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Here comes the bull By Reuters

Japan's NTT invests big in London amid Brexit uncertainty By Euronews


Here comes the bull By Reuters

© Reuters. FILE PHOTO: A man wearing a protective mask, amid the coronavirus disease (COVID-19) outbreak, stands in front of an electric board showing Nikkei index outside a brokerage in Tokyo

1/GONG HEI FAT CHOY! It’s the Lunar Year of the Ox. Since the same Chinese character can be used to denote a bull, some investors might see that as a good omen for world markets. Higher bond yields could spoil the party at some point, but for now equity markets are charging on, not least in Asia, where is at three-decade highs and Chinese blue-chip stocks a whisker off 2007 peaks. European and U.S. shares have rallied 50% and 80% respectively from March 2020 lows. Markets are oiled, of course, by plentiful monetary and fiscal stimulus. But if vaccine rollouts and falling COVID case loads unleash pent-up consumer demand, economic recovery will follow. Those hopes have lifted , a reliable growth barometer, to eight-year highs. Recovery won’t be smooth, but then, oxen are reputed to be strong and patient. In China, too, they are having to be patient — pandemic-linked curbs exclude the usual high-spending week- long holiday with travel and parties. Hopefully, next year. -Record $58.1 bln pours into global equity funds -China New Year travel slumps amid coronavirus Graphics: World stocks – 2/CAPITOL HILL     Wall Street has been fixated on GameStop (NYSE:) and the retail trading frenzy unfolding on Reddit forums. But on Thursday, action moves to Capitol Hill, when executives from companies at the center of the action – Robinhood, Melvin Capital and Citadel Securities – are expected to testify before a House panel exploring the trading turmoil.     It could be the first of several investigations to uncover what happened when retail traders sent shares in otherwise nondescript companies like GameStop “to the moon”, squeezing out hedge funds that had gone short on those companies. For those who lost money or made fortunes from the “stonks”, the hearings will be riveting. GameStop shares, meanwhile, have dramatically deflated, while short interest a measure of shares on loan – has slumped. -Robinhood, Melvin Capital, Citadel execs expected to testify in Congress on GameStop turmoil -sources Graphics: GameStop’s short interest has fallen in recent weeks – 3/BANKING FOR BRITAIN Barclays (LON:) kicks off the reporting season for Britain’s banks when it announces 2020 results on Feb. 18. Investors want to see how loan books are holding up as the pandemic plays out. Government support schemes such as mortgage holidays and furloughs have largely deferred the pain, and with banks having taken hefty provisions already, the market is not expecting much deterioration in balance sheets. Lenders with investment banking arms, including Barclays and HSBC, could report a strong 2020, as they benefited from pandemic-induced market volatility. Analysts will question banks on when they will restore largely abandoned profitability targets and may renew calls for dividends to be resumed.     Barclays is followed by NatWest on Feb. 19. HSBC, Lloyds (LON:) and Standard Chartered (OTC:) report on Feb. 23, 24 and 25 respectively. Graphics: UK bank shares still far from covering Corona losses – 4/PAY ATTENTION TO MR BOND Bonds have a track record of getting it right on the economy, so pay attention to what they say. U.S., German and UK 30-year yields are up 20 to 30 basis points this year. Even Swiss 30-year yields have risen toward 0%, up 21 bps in 2021 so far. Okay, yields remain super low and not a sign of any inflation surge. But if the moves are a signal that extreme pessimism on the economy is abating, it will be a relief for policymakers. The reflation focus may increase bond markets’ sensitivity to economic data. Flash PMIs, due on Feb. 19 across major economies, have taken a back seat lately. That may change. -Euro area 30-year sovereign borrowing costs back above 0% Graphics: Rise in 30-year bond yields so far in 2021 – 5/ WHEN CHIPS ARE DOWN One side effect of pandemic-era remote working is a global semiconductor shortage, a squeeze stemming from soaring demand for electronics but now rippling across industries. Carmakers, for instance, are being forced to cut production just as sales pick up. Chipmakers are seeing surging demand from 5G telecoms, data centres, industrial electronics and the “internet of things”. We will hear more in coming days as the likes of carmakers Daimler (OTC:) and Renault (PA:) report earnings. Governments from France to the United States are wading in too, promising to ensure a lack of chips doesn’t throttle economic recovery. -GM CEO says chip shortage could hit profits by $2 bln, but trucks won’t be hurt Graphics: Global semiconductor sales –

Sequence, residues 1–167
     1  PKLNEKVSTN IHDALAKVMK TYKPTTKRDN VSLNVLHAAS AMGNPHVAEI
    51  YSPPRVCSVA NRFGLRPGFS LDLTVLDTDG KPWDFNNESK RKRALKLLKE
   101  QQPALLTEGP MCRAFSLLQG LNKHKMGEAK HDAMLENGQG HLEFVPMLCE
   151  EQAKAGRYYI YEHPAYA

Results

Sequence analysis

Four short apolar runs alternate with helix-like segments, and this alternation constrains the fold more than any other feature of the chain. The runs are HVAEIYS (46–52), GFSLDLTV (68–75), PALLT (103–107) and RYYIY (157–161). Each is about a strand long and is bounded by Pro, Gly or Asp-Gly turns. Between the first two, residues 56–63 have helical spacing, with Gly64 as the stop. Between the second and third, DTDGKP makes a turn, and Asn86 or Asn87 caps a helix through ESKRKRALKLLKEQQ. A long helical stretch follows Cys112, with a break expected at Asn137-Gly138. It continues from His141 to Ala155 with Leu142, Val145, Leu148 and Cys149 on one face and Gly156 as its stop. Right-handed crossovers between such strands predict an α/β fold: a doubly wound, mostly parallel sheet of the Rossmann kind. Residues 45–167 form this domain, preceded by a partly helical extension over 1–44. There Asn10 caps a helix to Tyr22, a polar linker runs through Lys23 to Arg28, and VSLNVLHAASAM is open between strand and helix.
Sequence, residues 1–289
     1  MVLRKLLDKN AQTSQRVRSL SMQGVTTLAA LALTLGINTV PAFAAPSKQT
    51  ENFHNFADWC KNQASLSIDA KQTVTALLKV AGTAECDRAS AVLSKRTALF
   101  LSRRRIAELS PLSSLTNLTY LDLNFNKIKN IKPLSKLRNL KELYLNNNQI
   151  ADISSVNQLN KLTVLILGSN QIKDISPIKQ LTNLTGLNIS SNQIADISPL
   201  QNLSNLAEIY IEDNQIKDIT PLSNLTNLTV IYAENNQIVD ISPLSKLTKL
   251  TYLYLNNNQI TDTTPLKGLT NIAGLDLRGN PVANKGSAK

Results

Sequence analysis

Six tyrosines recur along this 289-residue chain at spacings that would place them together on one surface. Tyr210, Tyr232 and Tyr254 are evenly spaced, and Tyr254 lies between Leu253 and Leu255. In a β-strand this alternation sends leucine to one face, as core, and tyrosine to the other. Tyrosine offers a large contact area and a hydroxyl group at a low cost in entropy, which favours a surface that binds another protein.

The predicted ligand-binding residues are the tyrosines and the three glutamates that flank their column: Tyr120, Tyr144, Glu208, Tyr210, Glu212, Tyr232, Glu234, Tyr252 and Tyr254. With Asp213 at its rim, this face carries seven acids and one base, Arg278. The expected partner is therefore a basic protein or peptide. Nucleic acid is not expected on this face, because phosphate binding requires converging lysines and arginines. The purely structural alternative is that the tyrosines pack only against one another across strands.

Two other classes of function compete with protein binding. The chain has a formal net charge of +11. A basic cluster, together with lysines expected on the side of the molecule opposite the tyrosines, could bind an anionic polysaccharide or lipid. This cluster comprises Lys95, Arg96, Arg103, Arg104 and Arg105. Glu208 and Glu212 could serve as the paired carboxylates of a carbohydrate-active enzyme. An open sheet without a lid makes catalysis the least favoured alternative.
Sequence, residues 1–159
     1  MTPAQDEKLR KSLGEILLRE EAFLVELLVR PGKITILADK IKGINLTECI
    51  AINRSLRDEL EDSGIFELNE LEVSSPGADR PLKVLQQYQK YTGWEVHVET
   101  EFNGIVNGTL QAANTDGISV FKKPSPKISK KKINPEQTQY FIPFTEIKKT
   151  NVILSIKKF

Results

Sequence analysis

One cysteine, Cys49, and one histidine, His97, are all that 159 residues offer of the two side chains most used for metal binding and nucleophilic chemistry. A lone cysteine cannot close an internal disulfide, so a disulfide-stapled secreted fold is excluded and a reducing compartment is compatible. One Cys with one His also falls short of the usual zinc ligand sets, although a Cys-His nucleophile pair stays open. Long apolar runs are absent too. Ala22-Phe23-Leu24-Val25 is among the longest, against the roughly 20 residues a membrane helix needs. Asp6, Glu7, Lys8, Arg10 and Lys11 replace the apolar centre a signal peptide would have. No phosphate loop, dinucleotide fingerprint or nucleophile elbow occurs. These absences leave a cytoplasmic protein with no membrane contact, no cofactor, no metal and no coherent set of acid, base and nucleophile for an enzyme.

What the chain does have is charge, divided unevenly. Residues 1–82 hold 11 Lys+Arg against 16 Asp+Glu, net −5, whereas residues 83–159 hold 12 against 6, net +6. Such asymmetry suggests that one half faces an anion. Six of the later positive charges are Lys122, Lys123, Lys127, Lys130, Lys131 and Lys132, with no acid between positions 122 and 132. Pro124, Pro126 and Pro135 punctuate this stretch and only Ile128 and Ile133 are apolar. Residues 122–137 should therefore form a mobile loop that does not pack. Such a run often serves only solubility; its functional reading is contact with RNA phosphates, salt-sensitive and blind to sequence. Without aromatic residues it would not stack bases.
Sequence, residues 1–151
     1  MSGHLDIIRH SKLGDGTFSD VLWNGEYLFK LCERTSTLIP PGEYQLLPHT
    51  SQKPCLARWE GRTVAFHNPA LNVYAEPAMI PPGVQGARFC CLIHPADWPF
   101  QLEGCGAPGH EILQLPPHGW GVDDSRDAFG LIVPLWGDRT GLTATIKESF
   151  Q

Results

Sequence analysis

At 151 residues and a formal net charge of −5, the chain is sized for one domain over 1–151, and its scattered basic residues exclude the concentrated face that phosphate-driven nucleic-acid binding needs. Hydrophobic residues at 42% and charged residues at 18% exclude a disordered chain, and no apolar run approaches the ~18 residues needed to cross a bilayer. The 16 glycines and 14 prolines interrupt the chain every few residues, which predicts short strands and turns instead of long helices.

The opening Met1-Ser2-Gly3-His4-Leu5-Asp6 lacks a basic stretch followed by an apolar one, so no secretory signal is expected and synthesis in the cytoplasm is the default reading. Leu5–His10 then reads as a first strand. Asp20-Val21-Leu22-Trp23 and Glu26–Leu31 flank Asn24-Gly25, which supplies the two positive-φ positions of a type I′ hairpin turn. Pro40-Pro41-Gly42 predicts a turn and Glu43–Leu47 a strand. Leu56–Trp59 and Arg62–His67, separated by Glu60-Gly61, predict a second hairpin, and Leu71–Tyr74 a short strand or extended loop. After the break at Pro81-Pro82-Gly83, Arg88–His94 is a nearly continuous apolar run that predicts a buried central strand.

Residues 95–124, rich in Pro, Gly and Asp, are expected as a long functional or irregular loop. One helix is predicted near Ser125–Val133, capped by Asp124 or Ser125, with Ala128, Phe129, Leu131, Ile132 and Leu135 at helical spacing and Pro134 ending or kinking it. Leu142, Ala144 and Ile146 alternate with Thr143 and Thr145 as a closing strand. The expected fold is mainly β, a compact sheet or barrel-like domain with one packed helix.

(The story refiles to fix headline in fourth chart.)

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